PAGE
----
Last chance to catch Cathedral exhibitions

Delve into Cathedral history

September provides one last opportunity to visit the 'A New Cathedral 1960' and 'Workhouse to Worship' exhibitions which give a fascinating glimpse into the competition to design the Metropolitan Cathedral as well as the history of its Brownlow Hill site.

A New Cathedral 1960
Visitors from across the world have been viewing a remarkable exhibition held as part of the Golden Jubilee celebrations at Liverpool's Metropolitan Cathedral. 'A New Cathedral 1960' offers a unique insight into the competition called by Archbishop John Carmel Heenan in 1959 to find a design for the Metropolitan Cathedral. In all, 298 entries were received and a selection of the ones that weren't chosen are on display.
 
The exhibition has been produced by Dominic Wilkinson, senior lecturer in architecture at the Liverpool School of Art and Design, and has been funded by the National Lottery Heritage Fund North West with thanks also to John Moores University and the Cathedral Jubilee Committee for their support.
 
It runs until Sunday 10 September in the main entrance area of the Cathedral and is open from 10am to 4pm each day; entry is free.

Workhouse to Worship
An exhibition on display in the Hornby Library in Liverpool Central Library on William Brown Street shows the Mount Pleasant site prior to the construction of the Metropolitan Cathedral. Before the crypt for the uncompleted Cathedral by Sir Edwin Lutyens was opened in 1937, the site had been occupied by Brownlow Hill Workhouse – which was finally demolished in 1931, having been at one time the largest workhouse in England.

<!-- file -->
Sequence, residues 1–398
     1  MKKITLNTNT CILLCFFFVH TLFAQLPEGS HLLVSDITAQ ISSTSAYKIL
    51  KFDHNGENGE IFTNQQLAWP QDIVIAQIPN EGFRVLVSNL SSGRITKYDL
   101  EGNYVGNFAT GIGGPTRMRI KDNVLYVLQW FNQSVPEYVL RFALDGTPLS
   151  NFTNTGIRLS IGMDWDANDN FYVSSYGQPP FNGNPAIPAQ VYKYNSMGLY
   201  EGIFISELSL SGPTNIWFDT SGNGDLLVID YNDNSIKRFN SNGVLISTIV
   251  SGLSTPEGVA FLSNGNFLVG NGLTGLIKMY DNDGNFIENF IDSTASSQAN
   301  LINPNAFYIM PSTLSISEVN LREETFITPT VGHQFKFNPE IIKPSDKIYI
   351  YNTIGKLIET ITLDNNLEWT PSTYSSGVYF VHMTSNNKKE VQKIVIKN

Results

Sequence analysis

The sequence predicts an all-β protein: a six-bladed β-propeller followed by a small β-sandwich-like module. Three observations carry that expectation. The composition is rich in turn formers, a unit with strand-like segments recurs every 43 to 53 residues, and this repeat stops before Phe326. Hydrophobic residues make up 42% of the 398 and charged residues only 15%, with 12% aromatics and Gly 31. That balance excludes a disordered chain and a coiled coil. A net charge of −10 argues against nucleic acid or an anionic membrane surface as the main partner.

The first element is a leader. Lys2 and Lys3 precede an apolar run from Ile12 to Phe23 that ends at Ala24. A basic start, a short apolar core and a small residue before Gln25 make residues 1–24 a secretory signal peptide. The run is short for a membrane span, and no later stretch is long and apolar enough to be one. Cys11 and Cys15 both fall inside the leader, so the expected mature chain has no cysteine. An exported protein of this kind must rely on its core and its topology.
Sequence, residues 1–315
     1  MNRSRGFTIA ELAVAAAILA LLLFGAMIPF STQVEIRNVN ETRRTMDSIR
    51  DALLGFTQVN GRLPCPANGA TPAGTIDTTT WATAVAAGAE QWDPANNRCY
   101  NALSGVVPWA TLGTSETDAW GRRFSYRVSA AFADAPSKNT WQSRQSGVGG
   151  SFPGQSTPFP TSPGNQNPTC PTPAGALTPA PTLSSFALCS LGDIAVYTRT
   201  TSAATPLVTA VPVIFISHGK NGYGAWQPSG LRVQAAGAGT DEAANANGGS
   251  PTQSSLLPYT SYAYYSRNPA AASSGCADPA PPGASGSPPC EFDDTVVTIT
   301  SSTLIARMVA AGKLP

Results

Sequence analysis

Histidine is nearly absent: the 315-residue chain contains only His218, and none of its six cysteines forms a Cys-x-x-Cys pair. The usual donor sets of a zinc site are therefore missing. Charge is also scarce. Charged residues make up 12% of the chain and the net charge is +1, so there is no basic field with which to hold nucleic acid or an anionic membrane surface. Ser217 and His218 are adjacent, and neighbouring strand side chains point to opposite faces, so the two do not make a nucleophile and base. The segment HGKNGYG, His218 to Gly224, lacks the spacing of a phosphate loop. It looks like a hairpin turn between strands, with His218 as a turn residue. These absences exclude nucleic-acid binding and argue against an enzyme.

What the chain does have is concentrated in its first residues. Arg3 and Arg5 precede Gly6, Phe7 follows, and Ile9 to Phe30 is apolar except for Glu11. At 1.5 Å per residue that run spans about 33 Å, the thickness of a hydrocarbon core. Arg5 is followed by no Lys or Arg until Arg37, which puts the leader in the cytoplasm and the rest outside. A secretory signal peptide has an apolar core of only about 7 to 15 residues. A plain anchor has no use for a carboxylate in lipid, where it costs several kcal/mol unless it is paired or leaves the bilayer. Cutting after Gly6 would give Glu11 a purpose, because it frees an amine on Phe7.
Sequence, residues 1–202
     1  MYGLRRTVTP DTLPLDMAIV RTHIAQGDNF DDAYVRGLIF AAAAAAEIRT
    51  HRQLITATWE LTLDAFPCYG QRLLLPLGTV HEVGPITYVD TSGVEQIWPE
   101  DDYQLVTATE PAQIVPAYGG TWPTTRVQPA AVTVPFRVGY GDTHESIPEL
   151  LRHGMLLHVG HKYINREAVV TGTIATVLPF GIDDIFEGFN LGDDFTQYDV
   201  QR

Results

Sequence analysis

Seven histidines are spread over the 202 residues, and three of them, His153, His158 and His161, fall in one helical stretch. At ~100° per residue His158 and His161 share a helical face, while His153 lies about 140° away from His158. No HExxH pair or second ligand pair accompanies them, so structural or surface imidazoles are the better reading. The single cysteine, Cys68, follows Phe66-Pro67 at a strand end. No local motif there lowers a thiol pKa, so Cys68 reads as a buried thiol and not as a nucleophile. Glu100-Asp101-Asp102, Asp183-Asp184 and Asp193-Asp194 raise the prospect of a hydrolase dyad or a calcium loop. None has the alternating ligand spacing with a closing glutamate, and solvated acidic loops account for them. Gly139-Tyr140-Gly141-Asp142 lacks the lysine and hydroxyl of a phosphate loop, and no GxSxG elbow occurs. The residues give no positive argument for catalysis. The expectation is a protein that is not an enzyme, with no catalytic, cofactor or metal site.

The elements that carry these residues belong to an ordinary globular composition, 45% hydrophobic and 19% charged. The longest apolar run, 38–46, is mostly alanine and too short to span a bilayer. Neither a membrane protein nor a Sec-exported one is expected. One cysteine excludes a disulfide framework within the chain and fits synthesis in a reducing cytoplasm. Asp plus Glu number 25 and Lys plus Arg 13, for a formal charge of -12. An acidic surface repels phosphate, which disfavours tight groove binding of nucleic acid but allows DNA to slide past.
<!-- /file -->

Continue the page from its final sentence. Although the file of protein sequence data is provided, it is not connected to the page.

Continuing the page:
Brownlow Hill Workhouse opened in 1771 in open countryside to lend shelter to the poor and destitute of the parish of Liverpool. Known as "a town within a town", it occupied a nine-acre site that came to serve 5,000 inmates. Responsibility for building the Workhouse, its staffing and its administration fell on the local board of guardians. Religious worship was encouraged and an Anglican church built within the confines, although Roman Catholic services were not allowed until 1844 and did not become a regular occurrence until 1856. Father Joseph Kelly celebrated Mass for the Catholic congregation from 1907 to 1927. His police identity certificate is available to view along with the monstrance used in services.
 
There are workhouse architectural plans, paintings, maps, photographs, apprentice indentures, Christmas invitations and many more related records of interest. The exhibition remains open until 29 September.